The Justice Department has awarded more than $64.8 million for the federal fiscal year that ended Oct. 1 to 115 state and local governments to help increase crime lab capacity and reduce turnaround time for examining DNA samples at laboratories across the nation. Assistant Attorney General Laurie Robinson said that between 2005 and 2008, demand for DNA testing services increased by more than 260 percent. Since 2004, the Justice Department’s National Institute of Justice has provided $330 million to reduce backlogs of DNA samples. NIJ defins a backlogged case as one not tested 30 days after the sample was submitted to the lab.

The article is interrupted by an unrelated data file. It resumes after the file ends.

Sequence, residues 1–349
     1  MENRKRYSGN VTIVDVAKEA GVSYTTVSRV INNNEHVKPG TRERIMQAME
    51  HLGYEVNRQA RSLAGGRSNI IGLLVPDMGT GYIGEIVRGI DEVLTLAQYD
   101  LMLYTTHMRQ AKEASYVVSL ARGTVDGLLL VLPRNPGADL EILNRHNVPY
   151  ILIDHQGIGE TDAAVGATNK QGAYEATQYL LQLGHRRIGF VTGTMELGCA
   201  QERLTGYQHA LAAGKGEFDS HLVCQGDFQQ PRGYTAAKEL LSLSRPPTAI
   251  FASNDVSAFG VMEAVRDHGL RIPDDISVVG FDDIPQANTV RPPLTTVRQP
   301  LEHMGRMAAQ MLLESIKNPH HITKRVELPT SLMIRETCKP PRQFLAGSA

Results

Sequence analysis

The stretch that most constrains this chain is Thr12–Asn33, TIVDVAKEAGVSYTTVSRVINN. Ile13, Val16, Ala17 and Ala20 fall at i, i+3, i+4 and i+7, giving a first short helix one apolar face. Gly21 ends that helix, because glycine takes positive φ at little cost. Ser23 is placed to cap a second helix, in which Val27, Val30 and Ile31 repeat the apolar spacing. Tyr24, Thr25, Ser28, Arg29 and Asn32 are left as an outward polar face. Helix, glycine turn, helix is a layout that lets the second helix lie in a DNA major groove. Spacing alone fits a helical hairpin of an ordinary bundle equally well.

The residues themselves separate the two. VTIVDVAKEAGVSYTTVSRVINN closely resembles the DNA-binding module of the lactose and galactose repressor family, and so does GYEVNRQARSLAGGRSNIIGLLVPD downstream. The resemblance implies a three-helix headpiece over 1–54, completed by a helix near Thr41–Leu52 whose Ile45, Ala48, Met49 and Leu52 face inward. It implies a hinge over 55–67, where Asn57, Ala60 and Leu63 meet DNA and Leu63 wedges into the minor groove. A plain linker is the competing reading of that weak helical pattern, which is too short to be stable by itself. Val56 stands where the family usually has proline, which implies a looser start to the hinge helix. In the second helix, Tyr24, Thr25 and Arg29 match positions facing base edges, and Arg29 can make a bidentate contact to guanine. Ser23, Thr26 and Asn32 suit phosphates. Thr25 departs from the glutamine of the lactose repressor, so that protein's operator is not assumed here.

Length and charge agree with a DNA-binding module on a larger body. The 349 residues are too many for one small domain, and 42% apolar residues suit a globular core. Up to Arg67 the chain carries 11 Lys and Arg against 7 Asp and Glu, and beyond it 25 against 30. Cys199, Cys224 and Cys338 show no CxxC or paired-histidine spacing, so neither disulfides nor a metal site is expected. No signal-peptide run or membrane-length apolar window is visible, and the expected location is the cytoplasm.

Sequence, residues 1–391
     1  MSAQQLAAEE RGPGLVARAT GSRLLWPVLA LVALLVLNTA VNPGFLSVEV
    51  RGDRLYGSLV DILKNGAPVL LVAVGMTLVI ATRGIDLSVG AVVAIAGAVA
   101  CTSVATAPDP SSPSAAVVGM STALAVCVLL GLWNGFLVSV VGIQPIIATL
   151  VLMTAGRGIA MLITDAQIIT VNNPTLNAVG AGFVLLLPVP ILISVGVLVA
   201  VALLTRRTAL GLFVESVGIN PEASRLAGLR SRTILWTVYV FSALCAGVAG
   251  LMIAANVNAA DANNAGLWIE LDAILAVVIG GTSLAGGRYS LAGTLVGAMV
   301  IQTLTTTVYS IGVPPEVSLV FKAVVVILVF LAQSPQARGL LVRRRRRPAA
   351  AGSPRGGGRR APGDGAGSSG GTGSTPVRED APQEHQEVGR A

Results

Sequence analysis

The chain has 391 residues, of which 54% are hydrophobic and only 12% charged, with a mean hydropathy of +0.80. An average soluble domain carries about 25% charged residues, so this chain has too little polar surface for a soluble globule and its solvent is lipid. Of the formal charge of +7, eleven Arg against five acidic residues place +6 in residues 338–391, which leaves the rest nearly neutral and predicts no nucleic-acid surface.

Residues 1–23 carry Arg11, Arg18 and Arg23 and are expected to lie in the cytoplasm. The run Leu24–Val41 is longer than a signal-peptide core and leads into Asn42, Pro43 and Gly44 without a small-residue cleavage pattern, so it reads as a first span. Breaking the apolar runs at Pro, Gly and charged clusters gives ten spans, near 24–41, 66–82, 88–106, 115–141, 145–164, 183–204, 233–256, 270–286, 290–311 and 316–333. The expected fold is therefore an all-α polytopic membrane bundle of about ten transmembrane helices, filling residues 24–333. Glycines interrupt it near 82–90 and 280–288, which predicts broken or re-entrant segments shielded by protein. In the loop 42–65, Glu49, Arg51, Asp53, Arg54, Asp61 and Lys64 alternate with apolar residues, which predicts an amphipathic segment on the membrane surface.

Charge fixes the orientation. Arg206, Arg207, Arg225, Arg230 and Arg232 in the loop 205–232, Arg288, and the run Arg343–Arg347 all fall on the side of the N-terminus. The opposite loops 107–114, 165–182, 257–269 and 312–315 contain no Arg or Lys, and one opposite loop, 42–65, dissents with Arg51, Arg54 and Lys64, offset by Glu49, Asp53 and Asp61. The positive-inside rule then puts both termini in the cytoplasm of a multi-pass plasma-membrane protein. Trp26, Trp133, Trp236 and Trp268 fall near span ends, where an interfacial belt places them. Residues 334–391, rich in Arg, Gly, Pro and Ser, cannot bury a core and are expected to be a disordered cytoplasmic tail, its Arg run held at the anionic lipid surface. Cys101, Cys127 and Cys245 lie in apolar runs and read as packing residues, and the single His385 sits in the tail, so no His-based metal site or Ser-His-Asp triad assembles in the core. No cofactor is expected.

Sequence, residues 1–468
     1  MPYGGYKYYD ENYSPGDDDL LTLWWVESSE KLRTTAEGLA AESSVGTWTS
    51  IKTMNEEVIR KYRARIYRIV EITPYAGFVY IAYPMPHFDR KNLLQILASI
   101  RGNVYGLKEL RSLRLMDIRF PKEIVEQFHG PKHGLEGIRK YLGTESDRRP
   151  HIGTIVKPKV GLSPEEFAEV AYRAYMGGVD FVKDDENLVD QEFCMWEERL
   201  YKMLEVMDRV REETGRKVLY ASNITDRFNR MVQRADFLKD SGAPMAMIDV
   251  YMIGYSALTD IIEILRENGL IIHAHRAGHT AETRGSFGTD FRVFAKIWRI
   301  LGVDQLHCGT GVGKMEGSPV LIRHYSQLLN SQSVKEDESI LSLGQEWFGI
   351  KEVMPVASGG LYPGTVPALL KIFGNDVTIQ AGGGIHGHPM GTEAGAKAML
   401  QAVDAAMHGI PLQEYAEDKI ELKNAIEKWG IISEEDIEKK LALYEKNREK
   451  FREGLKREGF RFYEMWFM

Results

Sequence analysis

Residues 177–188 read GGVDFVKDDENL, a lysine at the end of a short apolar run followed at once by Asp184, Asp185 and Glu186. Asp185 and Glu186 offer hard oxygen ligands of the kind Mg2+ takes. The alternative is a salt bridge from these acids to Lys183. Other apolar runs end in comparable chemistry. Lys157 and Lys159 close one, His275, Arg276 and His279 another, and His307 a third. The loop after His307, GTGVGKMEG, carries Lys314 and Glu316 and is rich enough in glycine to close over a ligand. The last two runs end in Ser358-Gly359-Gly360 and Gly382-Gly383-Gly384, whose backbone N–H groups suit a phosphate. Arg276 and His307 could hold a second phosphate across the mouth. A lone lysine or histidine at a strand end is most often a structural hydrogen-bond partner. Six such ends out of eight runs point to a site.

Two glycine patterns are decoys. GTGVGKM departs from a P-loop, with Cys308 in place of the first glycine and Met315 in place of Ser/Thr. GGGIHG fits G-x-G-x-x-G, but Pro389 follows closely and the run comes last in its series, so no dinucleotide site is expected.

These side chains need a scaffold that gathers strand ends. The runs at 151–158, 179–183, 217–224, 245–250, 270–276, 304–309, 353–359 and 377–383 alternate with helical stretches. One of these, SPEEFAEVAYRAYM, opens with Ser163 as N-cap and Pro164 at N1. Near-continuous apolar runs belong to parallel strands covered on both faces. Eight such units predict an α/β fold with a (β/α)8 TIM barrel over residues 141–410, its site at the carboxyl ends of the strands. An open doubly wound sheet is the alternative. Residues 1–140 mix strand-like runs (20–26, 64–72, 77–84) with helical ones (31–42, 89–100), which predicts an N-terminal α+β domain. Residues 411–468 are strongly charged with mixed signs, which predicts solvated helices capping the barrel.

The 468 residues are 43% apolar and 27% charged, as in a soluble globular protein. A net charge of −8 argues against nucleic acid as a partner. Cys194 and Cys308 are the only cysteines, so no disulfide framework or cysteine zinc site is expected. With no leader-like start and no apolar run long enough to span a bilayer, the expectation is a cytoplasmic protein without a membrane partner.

A recent item published by Crime & Justice News should have made a distinction between two kinds of DNA backlogs. One is comprised of DNA evidence collected in criminal cases and another is comprised of DNA samples from convicted felons and arrested persons. Forty-seven states collect DNA samples from convicted felons, and an another 21 states collect DNA samples from arrestees. The DNA backlog is constantly changing. Laboratories are getting DNA evidence, including rape kits, to be tested at a faster rate than they are able to process it. While demand for testing increased rose between 2005 and 2008, crime lab capacity for DNA cases (as measured by cases completed) increased more than 280 percent. Until capacity equals the number of DNA cases to be tested, backlogs will continue to increase.